Wander around Oregon State University’s Valley Library and plenty of students are browsing for books, or curled up in cozy chairs with a stack of hardbound novels. But as information technology advances, so does the library’s range of offerings.
While books won’t be disappearing from the library’s shelves anytime soon, students and others are using a variety of new ways to access information, which is why the library has begun offering Amazon Kindles — e-book readers that can store digital books, which are displayed, page-by-page, on a palm-sized screen.
Loretta Rielly, interim head of collections at the library, said the library has long wanted to provide more popular reading titles to patrons but it has been too costly to stack shelves with new fiction and non-fiction titles that may only have a few years shelf-life. While there is plenty of classic fiction in the library, popular fiction hasn’t really had a place.
“We get people who ask us, “Don’t you just have something to read?’” Rielly said. That request fit perfectly with the library’s attempt to explore and incorporate new technology.
“We’re really committed to investigate new technologies,” she said.
Kindles provide a way to make a large array of popular titles, as well as classics, available in a slim, portable reader that can be checked out for two weeks at a time. The library originally purchased six Kindles last summer, and immediately had about 60 requests to use them. Now the library has 12 Kindles, which contain 121 downloaded e-books. The readers and e-books are purchased using library gift funds.
Titles are purchased from Google on request from patrons, to insure that librarians aren’t guessing what readers want. What patrons are looking for varies greatly. For instance, they’ve had more requests for “Pride, Prejudice and Zombies,” than for the Austen original, though there have been plenty of requests for the classic version as well.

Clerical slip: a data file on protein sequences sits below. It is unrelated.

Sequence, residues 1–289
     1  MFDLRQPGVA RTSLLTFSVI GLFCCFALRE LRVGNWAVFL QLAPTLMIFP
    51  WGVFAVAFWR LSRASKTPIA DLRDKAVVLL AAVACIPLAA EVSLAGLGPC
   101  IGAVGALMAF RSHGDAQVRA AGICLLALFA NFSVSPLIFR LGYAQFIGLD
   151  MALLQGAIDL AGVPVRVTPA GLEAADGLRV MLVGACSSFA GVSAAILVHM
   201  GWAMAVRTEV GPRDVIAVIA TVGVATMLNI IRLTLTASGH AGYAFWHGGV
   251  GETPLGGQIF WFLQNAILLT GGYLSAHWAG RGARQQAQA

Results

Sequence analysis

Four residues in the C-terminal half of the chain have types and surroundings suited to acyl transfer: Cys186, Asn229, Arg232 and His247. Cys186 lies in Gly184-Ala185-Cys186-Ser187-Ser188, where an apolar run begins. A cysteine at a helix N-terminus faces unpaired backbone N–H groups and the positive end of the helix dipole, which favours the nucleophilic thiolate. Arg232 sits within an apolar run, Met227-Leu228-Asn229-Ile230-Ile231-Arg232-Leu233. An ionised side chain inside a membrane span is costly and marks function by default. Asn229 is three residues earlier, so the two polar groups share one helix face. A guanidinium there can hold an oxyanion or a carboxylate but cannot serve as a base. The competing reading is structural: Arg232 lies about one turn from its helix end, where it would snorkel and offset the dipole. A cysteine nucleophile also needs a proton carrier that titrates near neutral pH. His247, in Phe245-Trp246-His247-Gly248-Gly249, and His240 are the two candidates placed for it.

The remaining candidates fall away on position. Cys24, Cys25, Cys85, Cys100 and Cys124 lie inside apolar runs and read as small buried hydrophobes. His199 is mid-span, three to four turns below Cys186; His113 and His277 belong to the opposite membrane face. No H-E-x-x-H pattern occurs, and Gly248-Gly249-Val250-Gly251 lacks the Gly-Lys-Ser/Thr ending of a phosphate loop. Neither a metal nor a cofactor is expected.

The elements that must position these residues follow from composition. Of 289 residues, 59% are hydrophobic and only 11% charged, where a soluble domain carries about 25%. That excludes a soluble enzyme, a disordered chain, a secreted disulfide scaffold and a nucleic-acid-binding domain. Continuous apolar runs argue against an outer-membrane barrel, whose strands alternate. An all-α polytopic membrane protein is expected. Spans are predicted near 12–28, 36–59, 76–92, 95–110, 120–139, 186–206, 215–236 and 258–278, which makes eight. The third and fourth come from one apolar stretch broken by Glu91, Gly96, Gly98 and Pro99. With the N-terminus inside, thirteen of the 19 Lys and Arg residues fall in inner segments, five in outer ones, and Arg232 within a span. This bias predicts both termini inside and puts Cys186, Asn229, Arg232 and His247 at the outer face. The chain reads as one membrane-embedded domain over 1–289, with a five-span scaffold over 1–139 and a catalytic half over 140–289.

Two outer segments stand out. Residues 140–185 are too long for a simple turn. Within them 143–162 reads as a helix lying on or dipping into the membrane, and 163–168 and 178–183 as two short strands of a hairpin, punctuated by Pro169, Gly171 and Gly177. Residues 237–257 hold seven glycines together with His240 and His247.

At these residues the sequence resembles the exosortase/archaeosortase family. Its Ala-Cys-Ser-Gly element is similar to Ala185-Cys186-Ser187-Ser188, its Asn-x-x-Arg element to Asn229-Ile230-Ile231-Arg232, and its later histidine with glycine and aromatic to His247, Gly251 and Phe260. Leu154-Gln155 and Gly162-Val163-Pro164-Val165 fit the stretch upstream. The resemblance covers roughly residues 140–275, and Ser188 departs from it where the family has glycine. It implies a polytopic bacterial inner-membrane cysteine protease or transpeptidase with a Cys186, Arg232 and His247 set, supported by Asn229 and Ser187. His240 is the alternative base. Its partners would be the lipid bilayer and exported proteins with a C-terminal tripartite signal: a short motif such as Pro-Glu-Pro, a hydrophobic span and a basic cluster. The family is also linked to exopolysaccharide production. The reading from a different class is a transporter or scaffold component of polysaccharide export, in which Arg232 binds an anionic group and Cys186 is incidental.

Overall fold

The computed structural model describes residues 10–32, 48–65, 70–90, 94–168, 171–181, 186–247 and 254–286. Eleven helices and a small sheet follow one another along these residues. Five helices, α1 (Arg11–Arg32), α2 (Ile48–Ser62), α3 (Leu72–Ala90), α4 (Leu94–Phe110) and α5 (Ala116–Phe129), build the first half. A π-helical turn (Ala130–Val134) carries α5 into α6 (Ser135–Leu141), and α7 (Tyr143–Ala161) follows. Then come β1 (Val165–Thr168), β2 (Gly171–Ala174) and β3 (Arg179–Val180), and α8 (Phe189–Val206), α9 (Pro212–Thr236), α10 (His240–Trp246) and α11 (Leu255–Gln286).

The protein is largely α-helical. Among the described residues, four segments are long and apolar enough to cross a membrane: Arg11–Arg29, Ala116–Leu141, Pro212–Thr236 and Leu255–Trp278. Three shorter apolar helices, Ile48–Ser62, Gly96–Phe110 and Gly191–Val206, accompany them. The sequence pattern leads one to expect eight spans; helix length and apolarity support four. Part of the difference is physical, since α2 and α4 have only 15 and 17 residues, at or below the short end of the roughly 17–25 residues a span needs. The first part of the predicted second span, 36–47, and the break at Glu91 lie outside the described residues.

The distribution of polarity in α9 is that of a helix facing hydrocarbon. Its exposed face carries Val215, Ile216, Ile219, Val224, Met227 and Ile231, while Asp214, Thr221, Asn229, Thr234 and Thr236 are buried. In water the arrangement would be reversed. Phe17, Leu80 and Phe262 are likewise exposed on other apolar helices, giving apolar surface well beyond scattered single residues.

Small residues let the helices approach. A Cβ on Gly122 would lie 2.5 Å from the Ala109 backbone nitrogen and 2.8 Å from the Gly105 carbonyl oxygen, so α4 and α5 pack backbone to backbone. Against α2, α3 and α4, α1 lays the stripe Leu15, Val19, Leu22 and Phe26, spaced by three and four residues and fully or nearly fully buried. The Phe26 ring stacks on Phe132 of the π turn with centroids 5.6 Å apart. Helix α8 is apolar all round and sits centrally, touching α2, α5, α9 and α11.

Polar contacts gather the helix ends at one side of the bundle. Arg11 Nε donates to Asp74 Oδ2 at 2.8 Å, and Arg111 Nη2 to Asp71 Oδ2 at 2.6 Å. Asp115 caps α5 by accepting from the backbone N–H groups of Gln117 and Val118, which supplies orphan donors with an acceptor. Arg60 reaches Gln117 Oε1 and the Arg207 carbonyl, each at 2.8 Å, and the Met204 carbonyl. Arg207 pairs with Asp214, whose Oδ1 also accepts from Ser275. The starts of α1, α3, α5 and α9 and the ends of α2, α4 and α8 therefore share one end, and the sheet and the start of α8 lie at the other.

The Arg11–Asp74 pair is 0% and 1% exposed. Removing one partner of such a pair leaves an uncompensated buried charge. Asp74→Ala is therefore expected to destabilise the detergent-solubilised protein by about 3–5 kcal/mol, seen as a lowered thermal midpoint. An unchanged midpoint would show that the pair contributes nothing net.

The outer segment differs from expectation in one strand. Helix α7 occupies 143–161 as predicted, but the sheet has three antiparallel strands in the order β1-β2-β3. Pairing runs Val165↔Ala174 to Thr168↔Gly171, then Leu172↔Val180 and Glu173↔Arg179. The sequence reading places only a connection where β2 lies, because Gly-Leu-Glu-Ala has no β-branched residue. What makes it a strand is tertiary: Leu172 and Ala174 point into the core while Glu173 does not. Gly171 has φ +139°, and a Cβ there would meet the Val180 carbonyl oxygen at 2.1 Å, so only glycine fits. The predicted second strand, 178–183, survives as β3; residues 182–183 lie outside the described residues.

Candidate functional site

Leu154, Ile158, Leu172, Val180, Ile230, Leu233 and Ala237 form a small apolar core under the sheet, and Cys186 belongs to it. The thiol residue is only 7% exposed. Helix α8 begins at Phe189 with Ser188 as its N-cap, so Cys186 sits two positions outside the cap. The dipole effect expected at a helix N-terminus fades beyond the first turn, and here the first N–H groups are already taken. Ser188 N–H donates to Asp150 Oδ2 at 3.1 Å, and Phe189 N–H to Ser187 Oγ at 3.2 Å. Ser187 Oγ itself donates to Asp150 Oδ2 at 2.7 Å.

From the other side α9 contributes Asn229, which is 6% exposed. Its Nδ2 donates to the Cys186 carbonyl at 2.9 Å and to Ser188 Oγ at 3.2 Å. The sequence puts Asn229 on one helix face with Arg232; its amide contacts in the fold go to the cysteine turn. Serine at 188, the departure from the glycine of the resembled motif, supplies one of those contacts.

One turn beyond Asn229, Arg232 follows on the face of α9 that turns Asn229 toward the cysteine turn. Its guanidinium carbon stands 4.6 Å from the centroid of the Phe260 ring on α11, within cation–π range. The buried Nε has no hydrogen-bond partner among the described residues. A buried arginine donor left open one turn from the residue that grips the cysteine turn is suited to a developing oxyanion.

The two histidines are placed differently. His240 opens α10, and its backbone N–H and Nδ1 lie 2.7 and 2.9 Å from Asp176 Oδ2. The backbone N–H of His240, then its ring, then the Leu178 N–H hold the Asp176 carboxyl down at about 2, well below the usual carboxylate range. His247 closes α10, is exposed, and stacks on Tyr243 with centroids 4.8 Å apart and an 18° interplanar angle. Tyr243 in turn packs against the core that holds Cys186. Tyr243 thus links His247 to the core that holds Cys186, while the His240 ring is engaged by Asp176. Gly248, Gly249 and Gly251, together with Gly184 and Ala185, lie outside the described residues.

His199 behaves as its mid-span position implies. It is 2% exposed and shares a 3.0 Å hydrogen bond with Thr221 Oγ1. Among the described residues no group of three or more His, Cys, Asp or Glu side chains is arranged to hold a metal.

Claire Semadeni, who oversees the Kindle project, said they’ve been keeping track of user information, and about 48 percent of those checking out Kindles are undergraduates. The rest is a mix of graduate students, staff and faculty. So far, the only issue they’ve had in loaning out the technology, other than demand far exceeding availability, is that Kindles can get damaged in freezing weather, so they now carry warning labels.
Kindles display in black and white only, which limits their use in terms of offering digital textbooks. Publishers also are hesitant to make their textbooks available on a digital platform, because of digital rights management. So the days of students casting aside a heavy backpack for a slim e-reader are still far away.
“It’s the obvious place for e-books to go, but right now there isn’t a good platform for it,” said Anne-Marie Deitering, Franklin McEdward Professor for Undergraduate Learning Initiatives, who is part of the team looking into the Kindle program.
Deitering and Rielly guess that most of the patrons checking out Kindles are doing so to get used to the technology, and eventually, the library will focus less on providing e-book readers, and more on actually providing e-books for download to user’s home readers. But the legal and logistical details of that project are still being worked out.
For now, patrons hoping to check out a Kindle from the library are in for a wait — up to 20 weeks, that is. There are 120 holds in place for the dozen in circulation. Library staff expects demand to slow, but for now, there are plenty of people clamoring for a look at a new kind of book.
Image by Theresa Hogue.
Valley Library at Oregon State University.